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Contraception. 2015 Jan;91(1):80-4. doi: 10.1016/j.contraception.2014.08.002. Epub 2014 Aug 8.

Performance of a checklist to exclude pregnancy at the time of contraceptive initiation among women with a negative urine pregnancy test.

Author information

1
Division of Clinical Research, Department of Obstetrics and Gynecology, Washington University in St. Louis School of Medicine, St. Louis, MO 63110, USA.
2
Division of Clinical Research, Department of Obstetrics and Gynecology, Washington University in St. Louis School of Medicine, St. Louis, MO 63110, USA. Electronic address: maddent@wustl.edu.

Abstract

OBJECTIVE:

Our objective was to measure the sensitivity and specificity of a six-item "pregnancy checklist" at excluding early- or luteal-phase pregnancy among women with a negative urine pregnancy test who were initiating contraception.

STUDY DESIGN:

This was a secondary analysis of the Contraceptive CHOICE Project, a prospective cohort study of 9256 women in the St. Louis region. Women who had a negative urine pregnancy test on the day of enrollment were included in this analysis. Women with a positive urine pregnancy test or without urine pregnancy testing were excluded. We identified all luteal-phase pregnancies that occurred among women with a negative urine pregnancy test. We calculated the sensitivity, specificity, positive predictive value and negative predictive value (NPV) and likelihood ratios of the pregnancy checklist for excluding luteal-phase pregnancies.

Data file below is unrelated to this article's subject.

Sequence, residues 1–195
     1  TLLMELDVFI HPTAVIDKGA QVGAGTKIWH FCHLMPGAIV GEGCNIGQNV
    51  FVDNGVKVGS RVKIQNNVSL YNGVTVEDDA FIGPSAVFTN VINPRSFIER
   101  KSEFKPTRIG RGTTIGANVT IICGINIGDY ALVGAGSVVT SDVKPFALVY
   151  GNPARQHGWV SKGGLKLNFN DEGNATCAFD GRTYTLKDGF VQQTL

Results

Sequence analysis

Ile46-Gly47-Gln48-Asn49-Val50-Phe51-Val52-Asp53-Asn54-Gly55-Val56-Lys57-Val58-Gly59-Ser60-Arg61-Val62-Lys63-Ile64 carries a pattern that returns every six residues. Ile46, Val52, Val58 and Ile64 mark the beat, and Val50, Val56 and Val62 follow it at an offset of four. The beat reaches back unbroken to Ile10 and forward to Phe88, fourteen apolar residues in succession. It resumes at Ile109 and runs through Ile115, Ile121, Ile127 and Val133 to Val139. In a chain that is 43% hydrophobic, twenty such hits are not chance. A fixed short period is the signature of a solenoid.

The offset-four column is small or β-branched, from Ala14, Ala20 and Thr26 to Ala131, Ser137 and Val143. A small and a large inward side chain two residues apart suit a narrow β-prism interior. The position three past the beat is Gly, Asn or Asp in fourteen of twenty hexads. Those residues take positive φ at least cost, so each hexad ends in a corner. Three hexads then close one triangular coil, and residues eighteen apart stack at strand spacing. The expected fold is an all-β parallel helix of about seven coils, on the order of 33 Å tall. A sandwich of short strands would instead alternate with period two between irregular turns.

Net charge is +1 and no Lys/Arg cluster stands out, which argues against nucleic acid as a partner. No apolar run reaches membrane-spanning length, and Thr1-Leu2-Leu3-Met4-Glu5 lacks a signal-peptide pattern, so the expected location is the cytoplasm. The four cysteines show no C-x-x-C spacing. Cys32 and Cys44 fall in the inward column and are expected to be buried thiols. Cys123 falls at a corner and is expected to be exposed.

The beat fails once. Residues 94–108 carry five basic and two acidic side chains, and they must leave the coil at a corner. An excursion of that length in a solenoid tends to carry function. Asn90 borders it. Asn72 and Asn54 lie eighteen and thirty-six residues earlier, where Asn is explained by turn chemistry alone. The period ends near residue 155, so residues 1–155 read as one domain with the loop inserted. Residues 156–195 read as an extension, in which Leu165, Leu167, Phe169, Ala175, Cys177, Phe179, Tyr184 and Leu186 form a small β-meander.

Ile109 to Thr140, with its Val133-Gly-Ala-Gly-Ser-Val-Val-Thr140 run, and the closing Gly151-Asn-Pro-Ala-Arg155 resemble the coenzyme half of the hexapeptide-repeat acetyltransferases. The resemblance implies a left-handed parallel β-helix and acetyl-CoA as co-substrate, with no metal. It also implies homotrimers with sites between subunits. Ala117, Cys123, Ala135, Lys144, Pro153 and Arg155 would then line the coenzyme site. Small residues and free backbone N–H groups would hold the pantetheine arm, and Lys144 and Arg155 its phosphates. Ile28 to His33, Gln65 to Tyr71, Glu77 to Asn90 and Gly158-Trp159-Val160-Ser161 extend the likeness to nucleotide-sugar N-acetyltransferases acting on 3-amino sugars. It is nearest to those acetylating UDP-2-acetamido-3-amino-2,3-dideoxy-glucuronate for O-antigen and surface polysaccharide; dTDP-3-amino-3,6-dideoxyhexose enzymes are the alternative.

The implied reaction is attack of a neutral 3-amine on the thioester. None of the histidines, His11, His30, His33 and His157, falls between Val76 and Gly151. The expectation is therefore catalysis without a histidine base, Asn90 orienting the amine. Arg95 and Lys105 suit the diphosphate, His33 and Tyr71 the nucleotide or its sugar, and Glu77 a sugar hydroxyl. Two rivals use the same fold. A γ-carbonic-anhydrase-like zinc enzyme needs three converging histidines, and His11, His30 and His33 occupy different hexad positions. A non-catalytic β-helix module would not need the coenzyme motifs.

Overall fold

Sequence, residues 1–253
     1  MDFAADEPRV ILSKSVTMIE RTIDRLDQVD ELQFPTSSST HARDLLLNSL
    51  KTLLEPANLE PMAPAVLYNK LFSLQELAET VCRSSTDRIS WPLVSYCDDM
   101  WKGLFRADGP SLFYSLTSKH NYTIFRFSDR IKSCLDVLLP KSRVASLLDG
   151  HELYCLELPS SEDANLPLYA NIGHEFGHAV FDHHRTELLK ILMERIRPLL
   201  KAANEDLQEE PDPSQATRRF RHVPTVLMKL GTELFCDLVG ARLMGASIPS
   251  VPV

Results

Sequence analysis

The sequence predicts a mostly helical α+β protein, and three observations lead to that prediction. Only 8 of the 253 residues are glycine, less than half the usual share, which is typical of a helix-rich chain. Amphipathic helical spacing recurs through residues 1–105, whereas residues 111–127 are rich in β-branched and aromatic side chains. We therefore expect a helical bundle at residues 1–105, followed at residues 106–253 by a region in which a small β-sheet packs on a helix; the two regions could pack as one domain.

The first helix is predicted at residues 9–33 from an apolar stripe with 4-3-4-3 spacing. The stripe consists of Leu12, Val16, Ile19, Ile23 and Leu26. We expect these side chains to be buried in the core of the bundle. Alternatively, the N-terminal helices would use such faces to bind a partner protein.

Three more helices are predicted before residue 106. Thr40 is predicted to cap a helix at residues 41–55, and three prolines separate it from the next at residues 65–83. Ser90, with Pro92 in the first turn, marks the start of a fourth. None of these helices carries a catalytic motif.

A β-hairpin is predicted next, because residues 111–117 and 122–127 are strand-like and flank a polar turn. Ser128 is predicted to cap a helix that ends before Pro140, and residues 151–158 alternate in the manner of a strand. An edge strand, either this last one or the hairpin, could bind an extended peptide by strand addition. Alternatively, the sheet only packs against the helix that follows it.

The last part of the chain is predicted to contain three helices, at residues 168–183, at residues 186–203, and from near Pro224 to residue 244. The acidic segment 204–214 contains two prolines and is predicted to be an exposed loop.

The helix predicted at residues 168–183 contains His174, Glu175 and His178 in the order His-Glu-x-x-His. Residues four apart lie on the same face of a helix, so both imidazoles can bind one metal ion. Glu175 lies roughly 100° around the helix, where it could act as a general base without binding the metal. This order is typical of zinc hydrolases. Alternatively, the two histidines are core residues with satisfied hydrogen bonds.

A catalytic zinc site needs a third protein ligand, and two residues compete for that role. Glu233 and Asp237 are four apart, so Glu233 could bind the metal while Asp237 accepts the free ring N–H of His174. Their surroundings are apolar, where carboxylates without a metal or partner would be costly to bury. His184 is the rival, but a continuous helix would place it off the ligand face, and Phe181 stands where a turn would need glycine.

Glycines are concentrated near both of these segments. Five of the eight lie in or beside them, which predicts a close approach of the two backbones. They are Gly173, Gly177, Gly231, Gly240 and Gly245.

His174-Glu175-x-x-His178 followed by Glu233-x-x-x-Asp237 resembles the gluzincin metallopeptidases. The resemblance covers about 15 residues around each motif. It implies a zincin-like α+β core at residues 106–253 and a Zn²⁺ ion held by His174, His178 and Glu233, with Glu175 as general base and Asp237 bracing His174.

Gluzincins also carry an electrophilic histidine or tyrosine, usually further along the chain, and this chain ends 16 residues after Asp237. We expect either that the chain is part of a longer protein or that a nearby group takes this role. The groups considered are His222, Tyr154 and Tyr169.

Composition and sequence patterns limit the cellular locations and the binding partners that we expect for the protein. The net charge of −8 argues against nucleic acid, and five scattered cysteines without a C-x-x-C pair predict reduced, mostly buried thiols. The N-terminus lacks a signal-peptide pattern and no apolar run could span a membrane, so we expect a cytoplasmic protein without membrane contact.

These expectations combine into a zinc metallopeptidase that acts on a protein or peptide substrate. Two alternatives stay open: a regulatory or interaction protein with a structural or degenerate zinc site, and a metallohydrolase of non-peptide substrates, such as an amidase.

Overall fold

RESULTS:

There were 6929 women included in this analysis; 69% of these women met at least one checklist criterion to exclude pregnancy ("negative screen"). There were 36 luteal-phase pregnancies (0.5%) subsequently diagnosed among women with a negative urine pregnancy test. The sensitivity and specificity of the checklist were 77.7% and 69.1%, respectively. The NPV of the checklist was 99.8% and the positive predictive value was 1.3%.

CONCLUSION:

Among women with a negative urine pregnancy test, the pregnancy checklist can be used to safely exclude more than 99% of early pregnancies at the time of contraceptive initiation.

IMPLICATIONS:

In patients with a negative urine pregnancy test, a pregnancy checklist using six criteria based on patient history has high NPV in excluding early pregnancy. This checklist can be used to facilitate same-day initiation of contraceptive methods, including long-acting reversible contraception. Although the checklist had a high false positive rate, initiation of contraception should not be delayed in women with a "positive screen." Rather women who desire an intrauterine device or implant can be "bridged" with a shorter-acting method until pregnancy can be excluded.

KEYWORDS:

Contraception; Contraceptive initiation; Pregnancy checklist; Pregnancy testing

[Indexed for MEDLINE]
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